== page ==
Learning to Listen
The key to running your business better may just be as simple as keeping your mouth shut and your ears open.
If you can answer this one single question correctly, you willguarantee your future business success. Ready? No peeking at theanswer!
Question: When one of your employees is speaking to you,who's in control of the conversation? As the listener, are youin control? Or is the speaker in control of the conversation?
Answer: If you said you're the one in control of theconversation, you're correct. If you can learn to listen (as ifthe success of your business depended on it) and you learn to askthe right questions, you're the one in control.
As a business owner, this approach may seem counterintuitive toyour instincts. After all, leaders should lead, teach, guide anddirect. On closer examination, you'll see that the role of aleader is to consistently collect timely and pertinent informationand then use that information to make wise decisions about theirbusiness. It may surprise you to know that the highest-rankingofficial in any company makes fewer moment-by-moment decisions thandoes the lower-ranking officials in the company. However, the fewdecisions the high-ranking official does make are pivotal andcritical to their organization's success.
There is recent research that proves that a medical doctor onlylistens to a patient for 22 seconds before interrupting them, but,on average, it takes a patient about 2 minutes to fully explainwhat's wrong with them. To compare that to the Americanworkplace, the manager of an organization may know how to solve thebasic problems the occur in an average day but if they don'tcarefully listen to their employees, they risk the chance ofill-advising them to create a proper solution to their specificproblems and issues.
To improve your listening skills, follow these cues foreffective listening:
- Let your employees know you're listening by saying to them,"Please explain the problem very carefully because I really amlistening."
- As your employee is speaking, nod affirmatively by moving yourhead slightly.
- Use verbal prompts to encourage them to continue to speak byusing comments like, "Tell me more" or "I need tohear this . . . please continue."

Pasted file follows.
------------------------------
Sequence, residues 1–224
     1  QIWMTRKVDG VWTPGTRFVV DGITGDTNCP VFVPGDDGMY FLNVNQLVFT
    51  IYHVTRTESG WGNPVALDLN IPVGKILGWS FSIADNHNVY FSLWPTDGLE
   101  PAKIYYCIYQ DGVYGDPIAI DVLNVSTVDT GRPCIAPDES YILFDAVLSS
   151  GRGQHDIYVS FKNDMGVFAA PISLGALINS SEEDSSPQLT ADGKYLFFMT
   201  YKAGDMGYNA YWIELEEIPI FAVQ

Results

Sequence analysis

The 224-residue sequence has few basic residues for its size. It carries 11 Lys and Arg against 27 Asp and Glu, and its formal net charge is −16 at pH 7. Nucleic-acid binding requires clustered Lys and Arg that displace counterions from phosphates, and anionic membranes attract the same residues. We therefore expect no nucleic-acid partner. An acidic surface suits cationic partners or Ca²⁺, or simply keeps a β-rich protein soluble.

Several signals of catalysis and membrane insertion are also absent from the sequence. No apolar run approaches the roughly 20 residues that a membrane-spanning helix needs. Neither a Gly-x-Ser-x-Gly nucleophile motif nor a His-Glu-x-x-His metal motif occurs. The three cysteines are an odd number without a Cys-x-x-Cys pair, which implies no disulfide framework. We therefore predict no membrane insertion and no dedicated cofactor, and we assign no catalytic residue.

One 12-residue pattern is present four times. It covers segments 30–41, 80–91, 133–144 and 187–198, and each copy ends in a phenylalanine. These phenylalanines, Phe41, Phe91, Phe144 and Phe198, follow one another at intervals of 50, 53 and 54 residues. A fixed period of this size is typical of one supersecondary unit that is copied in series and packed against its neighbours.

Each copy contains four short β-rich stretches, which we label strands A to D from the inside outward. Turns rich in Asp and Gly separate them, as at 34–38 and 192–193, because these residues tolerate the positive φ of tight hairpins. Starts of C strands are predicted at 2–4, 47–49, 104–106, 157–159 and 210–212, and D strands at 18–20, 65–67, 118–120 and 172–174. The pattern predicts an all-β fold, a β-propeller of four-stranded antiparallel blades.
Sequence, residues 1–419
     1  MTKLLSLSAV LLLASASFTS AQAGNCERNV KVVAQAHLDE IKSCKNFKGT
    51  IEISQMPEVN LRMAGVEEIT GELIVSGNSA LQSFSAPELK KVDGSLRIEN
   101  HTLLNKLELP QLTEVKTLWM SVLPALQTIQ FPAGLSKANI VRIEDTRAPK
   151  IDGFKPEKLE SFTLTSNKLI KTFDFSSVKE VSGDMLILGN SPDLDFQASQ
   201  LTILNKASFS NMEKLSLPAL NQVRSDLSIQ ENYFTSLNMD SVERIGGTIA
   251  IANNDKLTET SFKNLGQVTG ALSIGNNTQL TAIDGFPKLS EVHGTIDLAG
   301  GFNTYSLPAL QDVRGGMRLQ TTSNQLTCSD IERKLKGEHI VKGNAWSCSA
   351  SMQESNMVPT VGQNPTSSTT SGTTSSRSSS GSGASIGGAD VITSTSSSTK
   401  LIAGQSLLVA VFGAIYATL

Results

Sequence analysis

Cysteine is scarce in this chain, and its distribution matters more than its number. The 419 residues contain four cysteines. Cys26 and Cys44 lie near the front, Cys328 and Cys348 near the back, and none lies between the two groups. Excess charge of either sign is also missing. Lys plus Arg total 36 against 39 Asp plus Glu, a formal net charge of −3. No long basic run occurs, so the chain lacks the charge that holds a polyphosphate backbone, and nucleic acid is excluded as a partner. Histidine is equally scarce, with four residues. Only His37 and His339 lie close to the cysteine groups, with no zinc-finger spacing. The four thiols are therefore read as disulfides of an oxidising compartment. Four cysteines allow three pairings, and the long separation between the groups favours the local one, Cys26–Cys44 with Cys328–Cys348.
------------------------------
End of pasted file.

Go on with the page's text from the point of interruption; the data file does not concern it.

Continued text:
- If your employee gets off the subject and veers onto othertopics, direct them back to their main point by opening your handand, with five fingertips pointed at them vertically, moving it afew inches sideways and saying, "Let's come back to yourpoint about . . .." which will help them return to theiroriginal topic.
- Allow yourself to blink slightly slower than you normally blinkwhen your employee is speaking to you. By slowing your blink-rate,you're giving them a subconscious indication that you'recarefully processing what they're saying instead of thinkingwhat you're going to say next.
- This final suggestion requires a bit more self-discipline:While you're listening, you must learn to set aside your ownjudgements, beliefs and attitudes long enough to allow youremployee to finish their thoughts without interrupting them.
Information is vital to every business owner. Knowing how tocollect that information so you can effectively run your company isequally important. Learning to get other people to give youinformation that you want and need, however, requires practice.Here are four steps that can help you during a conversation tocherry-pick the information you need:
2. Echo. Repeat back what the other person has said toyou to indicate you heard them. For example, "If I heard youcorrectly, you didn't receive the information on Monday. Isthat right?"
3. Validate. Let your employee know you see their side ofthe issue. For instance, "I can see how the fact that youdidn't receive that information on Monday has created thisproblem."
4. Conclude. Bring together the important pointsthey've made by recapping their comments: "Let me makesure I've heard what you've said. If you had received theinformation on Monday, you could have completed the report andplaced the order by Thursday. Have I understood all the pieces? Ordo I need more information?"
Phyllis Daviscoaches senior-level executives through her company, Executive Mentoring andCoaching Inc., and has taught corporate etiquette and protocolfor the past 28 years. She is the author of the forthcomingbook E² The Power of Ethics and Etiquette in AmericanBusiness, available from Entrepreneur Press in Spring2003.